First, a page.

POLITICS
01/31/2017 01:43 pm ET

Paul Ryan Embraces Trump's Executive Order, But Speaks Against 'Confusing' Rollout

Because principles.

WASHINGTON ― It’s not that House Speaker Paul Ryan (R-Wis.) has a problem with President Donald Trump’s executive order on refugees and foreign nationals. He just didn’t like how it all came together and was implemented.

“It’s regrettable that there was some confusion on the rollout of this,” Ryan told reporters on Tuesday. “No one wanted to see people with green cards or special immigrant visas like translators get caught up in all of this.”

Ryan went on to say that yes, the implementation was confusing, but he’s “pleased and confident” after a long talk with Department of Homeland Security Secretary John Kelly that, going forward, the Trump administration would consult with congressional leaders on similar executive orders.

The Wisconsin Republican said he supports the idea of the refugee pause, and he backed the president’s authority for issuing this executive order.

“There is nothing wrong with taking a pause and making sure we have the proper vetting standards in place,” Ryan said.

The speaker did not address language in the executive order that gives non-Muslim refugees preferential treatment. But his overarching support for the order suggests he sees no problem with it, even though he spoke out forcefully last year against religious tests when Trump proposed banning all Muslims from entering the United States.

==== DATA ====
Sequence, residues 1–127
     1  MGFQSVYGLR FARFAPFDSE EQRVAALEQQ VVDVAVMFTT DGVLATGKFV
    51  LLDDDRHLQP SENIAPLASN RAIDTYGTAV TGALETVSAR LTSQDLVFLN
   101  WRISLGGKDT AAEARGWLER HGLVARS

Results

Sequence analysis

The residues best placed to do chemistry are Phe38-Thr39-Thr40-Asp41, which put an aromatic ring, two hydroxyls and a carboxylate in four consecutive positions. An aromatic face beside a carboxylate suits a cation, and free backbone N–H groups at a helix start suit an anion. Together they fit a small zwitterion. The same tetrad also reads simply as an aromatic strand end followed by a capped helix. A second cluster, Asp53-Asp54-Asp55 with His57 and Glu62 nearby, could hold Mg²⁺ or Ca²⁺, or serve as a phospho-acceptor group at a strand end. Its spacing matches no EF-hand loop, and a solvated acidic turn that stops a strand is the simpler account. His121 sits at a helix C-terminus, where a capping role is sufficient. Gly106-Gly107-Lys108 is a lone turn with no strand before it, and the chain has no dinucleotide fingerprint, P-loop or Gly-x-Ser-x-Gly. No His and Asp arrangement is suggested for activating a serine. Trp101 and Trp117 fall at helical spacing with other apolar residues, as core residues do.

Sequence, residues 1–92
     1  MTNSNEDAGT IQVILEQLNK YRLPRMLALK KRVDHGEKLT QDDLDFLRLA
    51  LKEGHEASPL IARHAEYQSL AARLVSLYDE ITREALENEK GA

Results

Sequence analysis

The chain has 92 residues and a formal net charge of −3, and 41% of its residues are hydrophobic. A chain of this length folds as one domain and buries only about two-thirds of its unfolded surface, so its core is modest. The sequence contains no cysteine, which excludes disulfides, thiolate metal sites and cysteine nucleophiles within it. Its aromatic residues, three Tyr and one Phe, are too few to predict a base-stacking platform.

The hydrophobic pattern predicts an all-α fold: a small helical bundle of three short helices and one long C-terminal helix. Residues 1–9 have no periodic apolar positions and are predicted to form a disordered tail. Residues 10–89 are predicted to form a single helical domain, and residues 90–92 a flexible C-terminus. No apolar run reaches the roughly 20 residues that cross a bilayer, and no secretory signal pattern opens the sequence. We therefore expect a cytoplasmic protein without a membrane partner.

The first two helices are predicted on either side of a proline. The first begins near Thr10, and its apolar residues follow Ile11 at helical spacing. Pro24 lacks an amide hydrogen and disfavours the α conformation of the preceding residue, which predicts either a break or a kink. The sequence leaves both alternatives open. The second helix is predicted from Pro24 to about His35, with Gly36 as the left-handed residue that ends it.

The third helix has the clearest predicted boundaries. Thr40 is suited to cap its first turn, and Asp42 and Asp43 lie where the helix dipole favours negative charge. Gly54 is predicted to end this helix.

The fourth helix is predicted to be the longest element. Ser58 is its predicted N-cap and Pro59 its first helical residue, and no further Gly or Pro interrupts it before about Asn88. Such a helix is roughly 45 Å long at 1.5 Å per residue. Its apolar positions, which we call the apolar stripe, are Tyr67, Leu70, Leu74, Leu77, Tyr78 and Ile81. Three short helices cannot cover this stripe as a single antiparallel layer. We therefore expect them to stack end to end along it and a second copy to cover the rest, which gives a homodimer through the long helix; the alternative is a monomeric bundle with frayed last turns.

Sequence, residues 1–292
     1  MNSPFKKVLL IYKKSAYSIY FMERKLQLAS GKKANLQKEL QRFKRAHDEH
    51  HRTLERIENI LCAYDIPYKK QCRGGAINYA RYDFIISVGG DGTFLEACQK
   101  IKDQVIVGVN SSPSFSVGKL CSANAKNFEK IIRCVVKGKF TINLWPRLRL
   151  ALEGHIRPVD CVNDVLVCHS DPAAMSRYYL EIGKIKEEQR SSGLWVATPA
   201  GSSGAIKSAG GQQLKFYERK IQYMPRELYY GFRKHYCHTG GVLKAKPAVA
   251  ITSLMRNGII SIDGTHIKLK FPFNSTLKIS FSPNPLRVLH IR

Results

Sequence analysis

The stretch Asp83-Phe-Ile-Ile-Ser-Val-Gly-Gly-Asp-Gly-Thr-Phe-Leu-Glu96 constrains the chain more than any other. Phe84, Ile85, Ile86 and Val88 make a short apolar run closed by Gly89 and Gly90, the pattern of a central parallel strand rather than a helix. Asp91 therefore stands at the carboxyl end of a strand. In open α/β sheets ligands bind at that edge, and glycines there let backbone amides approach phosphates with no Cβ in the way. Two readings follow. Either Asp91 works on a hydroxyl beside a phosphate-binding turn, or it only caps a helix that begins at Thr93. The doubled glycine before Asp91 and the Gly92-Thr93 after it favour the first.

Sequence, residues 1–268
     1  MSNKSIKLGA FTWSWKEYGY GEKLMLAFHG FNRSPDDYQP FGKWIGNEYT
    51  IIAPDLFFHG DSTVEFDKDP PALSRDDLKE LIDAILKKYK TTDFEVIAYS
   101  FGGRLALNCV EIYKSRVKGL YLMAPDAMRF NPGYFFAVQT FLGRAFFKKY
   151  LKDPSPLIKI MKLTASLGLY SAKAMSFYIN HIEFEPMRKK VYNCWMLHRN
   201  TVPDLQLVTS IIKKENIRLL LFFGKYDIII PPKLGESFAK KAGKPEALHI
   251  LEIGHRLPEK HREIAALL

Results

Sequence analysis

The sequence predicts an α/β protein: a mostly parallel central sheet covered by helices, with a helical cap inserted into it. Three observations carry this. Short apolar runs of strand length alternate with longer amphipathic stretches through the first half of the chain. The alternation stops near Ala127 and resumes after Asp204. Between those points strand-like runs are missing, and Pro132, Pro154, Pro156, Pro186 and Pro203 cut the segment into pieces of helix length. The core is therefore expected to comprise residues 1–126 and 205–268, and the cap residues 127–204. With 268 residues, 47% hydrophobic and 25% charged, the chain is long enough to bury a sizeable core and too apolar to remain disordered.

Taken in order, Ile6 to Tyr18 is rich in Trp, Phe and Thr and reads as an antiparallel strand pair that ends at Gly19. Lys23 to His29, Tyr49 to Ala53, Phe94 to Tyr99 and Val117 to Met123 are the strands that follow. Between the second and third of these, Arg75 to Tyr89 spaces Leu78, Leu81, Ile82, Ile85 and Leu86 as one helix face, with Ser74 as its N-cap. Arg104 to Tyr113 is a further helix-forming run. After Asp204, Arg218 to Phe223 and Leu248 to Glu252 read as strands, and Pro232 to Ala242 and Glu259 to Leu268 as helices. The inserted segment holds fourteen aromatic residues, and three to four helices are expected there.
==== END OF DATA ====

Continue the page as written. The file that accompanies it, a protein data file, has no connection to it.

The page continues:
Ryan didn’t seem to see the parallels between that proposal and the current executive order. Instead, he compared Trump’s actions to an amendment signed by President Barack Obama on the Visa Waiver Program, which restricted individuals from the seven countries included in Trump’s ban from coming to the U.S. without a visa.

Ryan also compared Trump’s measure to a bill the House passed less than a week after terrorist attacks in Paris, aimed at limiting refugee resettlement from Syria and Iraq. That bill was far narrower than Trump’s order. It did not suspend refugee resettlement from all countries or block all Syrian and Iraqi refugees. But it did add requirements to the approval process meant to discourage U.S. officials from allowing those individuals into the country.

Elise Foley contributed to this report.

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